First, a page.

Kristin Murphy, Deseret News
FILE - Mitt Romney talks to the media after addressing House and Senate Republicans during their caucus lunch meetings at the Capitol in Salt Lake City on Tuesday, Feb. 27, 2018.

SALT LAKE CITY — Utah Senate candidate Mitt Romney reported Monday his campaign has more than $1.15 million in cash on hand, a total that includes $1 million from his presidential bids.

Romney, who joined the race in mid-February, is one of a dozen Republicans running for the seat held by retiring Sen. Orrin Hatch, R-Utah. His campaign spokeswoman, MJ Henshaw, had no comment on his financial disclosure statement.

The report filed with the Federal Election Commission in advance of the April 21 Utah State Republican Party Convention shows that Romney has raised nearly $677,000 and spent almost $527,000 — and transferred $1 million into his Senate account.

The transfer is from Romney For President, Inc., an account set up in Massachusetts before Romney's first run for the White House in 2008. In 2012, Romney was the Republican Party's presidential nominee.

"Wow," said Salt Lake County Councilwoman Jenny Wilson, one of three Democrats seeking the Senate seat. "Interesting to see his presidential donors are funding his Utah Senate race."

Wilson, whose FEC filing deadline as a Democrat is a week away, wondered whether Romney "has anything left over from his Massachusetts governor's race to throw in the pot. Some of us do it the old fashioned way. One donor at a time."

No other Republican filings from the Utah Senate race were listed on the FEC website Monday evening, but GOP candidate Larry Meyers said he's raised about $15,000 and has about $4,000 in cash on hand.

Meyers, a St. George attorney whose campaign website labels him "Utah's better choice" and compares him to "Massachusetts Mitt," said he wasn't surprised to hear how much money Romney had.

"I wouldn't say it's discouraging. I think everybody knew that was the way it would be when we saw Romney was in the race," Meyers said, citing Romney's personal wealth and donor base as a presidential candidate.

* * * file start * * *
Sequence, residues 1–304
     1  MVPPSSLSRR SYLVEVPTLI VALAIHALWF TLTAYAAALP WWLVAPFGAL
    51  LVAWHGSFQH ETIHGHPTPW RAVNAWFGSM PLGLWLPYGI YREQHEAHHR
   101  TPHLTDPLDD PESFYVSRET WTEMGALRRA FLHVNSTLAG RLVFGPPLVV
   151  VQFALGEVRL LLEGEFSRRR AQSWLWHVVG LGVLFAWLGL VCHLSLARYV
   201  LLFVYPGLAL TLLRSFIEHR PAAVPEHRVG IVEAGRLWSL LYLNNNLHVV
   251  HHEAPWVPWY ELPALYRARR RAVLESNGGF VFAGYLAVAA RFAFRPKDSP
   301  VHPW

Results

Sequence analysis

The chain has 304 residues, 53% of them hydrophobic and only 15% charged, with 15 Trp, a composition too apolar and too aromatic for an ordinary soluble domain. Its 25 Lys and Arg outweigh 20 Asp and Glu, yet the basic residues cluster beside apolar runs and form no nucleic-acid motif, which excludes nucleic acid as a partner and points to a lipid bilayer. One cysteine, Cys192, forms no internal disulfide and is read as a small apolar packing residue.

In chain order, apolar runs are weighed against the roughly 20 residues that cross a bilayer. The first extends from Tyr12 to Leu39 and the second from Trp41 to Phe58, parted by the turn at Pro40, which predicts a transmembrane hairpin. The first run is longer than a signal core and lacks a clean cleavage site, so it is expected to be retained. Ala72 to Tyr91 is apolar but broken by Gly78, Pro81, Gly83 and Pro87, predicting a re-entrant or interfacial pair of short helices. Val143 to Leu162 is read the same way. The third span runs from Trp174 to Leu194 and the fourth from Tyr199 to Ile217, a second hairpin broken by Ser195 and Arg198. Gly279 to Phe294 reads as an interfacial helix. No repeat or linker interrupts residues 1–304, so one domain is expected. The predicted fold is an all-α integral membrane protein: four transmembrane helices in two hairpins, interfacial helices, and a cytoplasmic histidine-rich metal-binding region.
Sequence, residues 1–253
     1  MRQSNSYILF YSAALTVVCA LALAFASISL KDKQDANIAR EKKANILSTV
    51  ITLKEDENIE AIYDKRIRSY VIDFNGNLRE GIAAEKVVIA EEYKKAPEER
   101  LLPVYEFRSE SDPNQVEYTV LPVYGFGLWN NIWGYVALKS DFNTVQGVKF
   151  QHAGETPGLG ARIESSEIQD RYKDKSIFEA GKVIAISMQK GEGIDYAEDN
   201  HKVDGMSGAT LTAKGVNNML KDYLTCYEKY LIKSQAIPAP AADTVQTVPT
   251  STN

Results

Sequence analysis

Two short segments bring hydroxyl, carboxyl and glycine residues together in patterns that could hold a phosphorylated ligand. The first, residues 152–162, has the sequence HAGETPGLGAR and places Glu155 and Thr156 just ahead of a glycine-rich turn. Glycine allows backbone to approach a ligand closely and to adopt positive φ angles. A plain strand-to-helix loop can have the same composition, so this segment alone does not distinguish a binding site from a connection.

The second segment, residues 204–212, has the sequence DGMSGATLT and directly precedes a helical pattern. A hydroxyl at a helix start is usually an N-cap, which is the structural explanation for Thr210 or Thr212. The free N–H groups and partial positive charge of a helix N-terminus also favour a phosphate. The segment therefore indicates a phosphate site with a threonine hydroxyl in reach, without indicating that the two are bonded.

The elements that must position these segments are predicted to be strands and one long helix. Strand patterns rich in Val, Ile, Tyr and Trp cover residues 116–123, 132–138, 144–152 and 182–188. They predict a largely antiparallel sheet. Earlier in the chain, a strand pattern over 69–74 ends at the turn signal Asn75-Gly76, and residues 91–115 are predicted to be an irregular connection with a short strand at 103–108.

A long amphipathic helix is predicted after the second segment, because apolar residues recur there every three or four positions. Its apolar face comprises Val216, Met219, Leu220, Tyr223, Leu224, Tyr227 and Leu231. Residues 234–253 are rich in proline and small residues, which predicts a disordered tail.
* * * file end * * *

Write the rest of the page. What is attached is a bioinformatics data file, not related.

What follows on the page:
He said the delegates at the Utah GOP convention who'll advance no more than two candidates to the ballot are focused on issues, not how much cash a campaign has available.

"Nobody's even asked me how much money I have on hand," Meyers said.

Romney is the only GOP candidate so far who has turned in signatures to secure a spot on the June primary ballot, but will also compete for the support of delegates at the party's state convention.

Jason Perry, head of the University of Utah's Hinckley Institute of Politics, said Romney's war chest proves he's a formidable contender.

"We knew that Mitt was popular in the state," Perry said. "For any challengers, they're going to look at that ability to fundraise and they will realize that he is a real candidate, and that he is going to be exceptionally hard to beat."

30 comments on this story

This is Romney's first run for a Utah office, but he ran for the Senate in 1994 in Massachusetts and was elected that state's governor after living in Deer Valley for several years as head of the 2002 Winter Olympics. He now calls Utah home.

Perry said Romney "knows he needs to spend time in every county in the state and to get know the voters. … Tto fund a ground game like that, you're going to need money."

He said the big numbers Romney is reporting shouldn't put off voters.

"The only way that usually backfires is if people say, 'He has enough money and I don't need to donate,'" Perry said. "I think he will work hard to make sure people know he doesn't take this race for granted."